The best…?

by stephenpalmersf

A post following Gary Dalkin’s recent one about great genre novels, in parallel with it…

20th Century SF novel
Gene Wolfe, The Book Of The New Sun
Brian Aldiss, Helliconia Trilogy
Frank Herbert, Dune
John Wyndham, The Day Of The Triffids
Olaf Stapledon, Sirius
M. John Harrison, The Pastel City
Alastair Reynolds, Revelation Space
William Gibson, Neuromancer
Jack Vance, The Dying Earth
Brian Stableford, The Empire Of Fear

Those of you who know a little about me will know my regard for the top three books on this list. Day Of The Triffids was an important one for me, I do love a good apocalypse set in Britain. I read it in my teens, alongside Sirius, The Dying Earth and The Pastel City. Alastair Reynolds’ Revelation Space series was a recent discovery for me, and they’re the best SF I’ve read for a while. Brian Stableford’s The Empire Of Fear is I think his finest novel, and a superb vampire story, set in part in Africa. Neuromancer was also influential on my own work – Memory Seed was described as ‘greenpunk’…

21st Century SF novel
China Mieville, Perdido Street Station
Ian MacLeod, The Light Ages
Jeff Vandermeer, Veniss Underground

I originally picked up Perdido Street Station because of the cover, and I’m glad I did. Mieville was the outstanding genre author of the first decade of this century, though recently I’ve not enjoyed his work.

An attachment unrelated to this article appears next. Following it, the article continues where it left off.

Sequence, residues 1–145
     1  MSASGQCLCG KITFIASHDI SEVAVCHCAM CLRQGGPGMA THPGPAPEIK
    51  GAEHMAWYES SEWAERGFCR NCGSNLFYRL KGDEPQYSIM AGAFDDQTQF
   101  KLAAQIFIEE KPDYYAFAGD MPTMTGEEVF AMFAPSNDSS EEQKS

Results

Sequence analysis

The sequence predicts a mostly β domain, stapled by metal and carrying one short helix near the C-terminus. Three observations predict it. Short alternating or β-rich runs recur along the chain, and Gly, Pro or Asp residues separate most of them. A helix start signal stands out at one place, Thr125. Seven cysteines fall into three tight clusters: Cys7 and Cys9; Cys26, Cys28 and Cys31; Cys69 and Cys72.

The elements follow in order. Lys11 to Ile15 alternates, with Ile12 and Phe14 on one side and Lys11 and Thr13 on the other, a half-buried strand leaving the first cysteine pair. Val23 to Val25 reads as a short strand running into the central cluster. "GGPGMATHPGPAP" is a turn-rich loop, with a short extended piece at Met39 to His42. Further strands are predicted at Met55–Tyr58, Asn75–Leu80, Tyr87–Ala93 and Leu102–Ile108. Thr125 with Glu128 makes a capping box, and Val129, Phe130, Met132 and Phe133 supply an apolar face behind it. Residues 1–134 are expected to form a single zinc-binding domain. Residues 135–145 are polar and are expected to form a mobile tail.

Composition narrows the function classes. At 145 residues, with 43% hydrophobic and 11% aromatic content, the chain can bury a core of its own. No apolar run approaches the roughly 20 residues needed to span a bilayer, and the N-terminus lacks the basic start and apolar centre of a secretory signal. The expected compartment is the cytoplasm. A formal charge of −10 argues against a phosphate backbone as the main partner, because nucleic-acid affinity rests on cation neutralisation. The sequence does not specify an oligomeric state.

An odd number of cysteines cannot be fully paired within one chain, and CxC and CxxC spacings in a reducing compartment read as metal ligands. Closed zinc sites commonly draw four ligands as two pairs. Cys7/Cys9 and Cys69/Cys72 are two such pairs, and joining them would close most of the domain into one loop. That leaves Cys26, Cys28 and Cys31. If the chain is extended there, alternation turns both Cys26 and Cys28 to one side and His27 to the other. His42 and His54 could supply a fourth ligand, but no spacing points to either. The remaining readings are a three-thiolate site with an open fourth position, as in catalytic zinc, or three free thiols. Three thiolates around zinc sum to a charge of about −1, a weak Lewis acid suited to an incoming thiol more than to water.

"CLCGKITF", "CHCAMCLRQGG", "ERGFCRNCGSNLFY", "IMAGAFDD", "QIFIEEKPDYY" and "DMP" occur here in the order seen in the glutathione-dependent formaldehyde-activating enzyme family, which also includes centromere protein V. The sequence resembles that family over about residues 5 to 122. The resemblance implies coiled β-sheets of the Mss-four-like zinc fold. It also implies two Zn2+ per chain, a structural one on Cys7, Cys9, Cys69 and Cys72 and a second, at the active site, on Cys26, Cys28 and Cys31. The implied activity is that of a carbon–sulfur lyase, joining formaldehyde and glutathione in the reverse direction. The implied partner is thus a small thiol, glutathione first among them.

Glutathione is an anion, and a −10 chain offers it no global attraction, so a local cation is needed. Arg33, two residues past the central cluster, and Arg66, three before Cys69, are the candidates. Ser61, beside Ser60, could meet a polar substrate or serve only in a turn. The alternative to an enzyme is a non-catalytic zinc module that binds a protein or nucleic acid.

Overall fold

20th Century Fantasy novel
JRR Tolkien, The Lord Of The Rings
Richard Adams, Watership Down
Jack Vance, Lyonesse Trilogy
Philip Pullman, His Dark Materials
Jorge Luis Borges, Labyrinths
Mervyn Peake, Gormenghast Trilogy
Peter Dickinson, The Weathermonger
Michael DeLarrabeiti, The Borribles Trilogy
Robert Holdstock, Mythago Wood
John Crowley, Little Big

These are mostly unsurprising choices perhaps. The Weathermonger is a YA novel, and was Peter Dickinson’s first published book. Like Day Of The Triffids it is a bit of a disaster novel set in a Britain where technology is removed. It has held a peculiar fascination for me over the decades, and is one of very few books that I regularly re-read. The Borribles Trilogy is another fantastic work, and I well remember Dave Langford’s review of the original book when it first came out. Lyonesse is perhaps Vance’s finest work; for me it is as good as Lord Of The Rings.

21st Century Fantasy novel
Steve Cockayne, Legends Of The Lands Trilogy
Ann Halam, Siberia
Sally Gardner, I Coriander
Jan Mark, Useful Idiots

Ann Halam is better known as Gwyneth Jones – Siberia is a superb novel. I Coriander and Useful Idiots are YA books, though aimed at the upper end of that readership – both exceptional novels. Steve Cockayne’s trilogy has a curious dreamlike atmosphere and a plot that twists and turns in on itself – another outstanding work.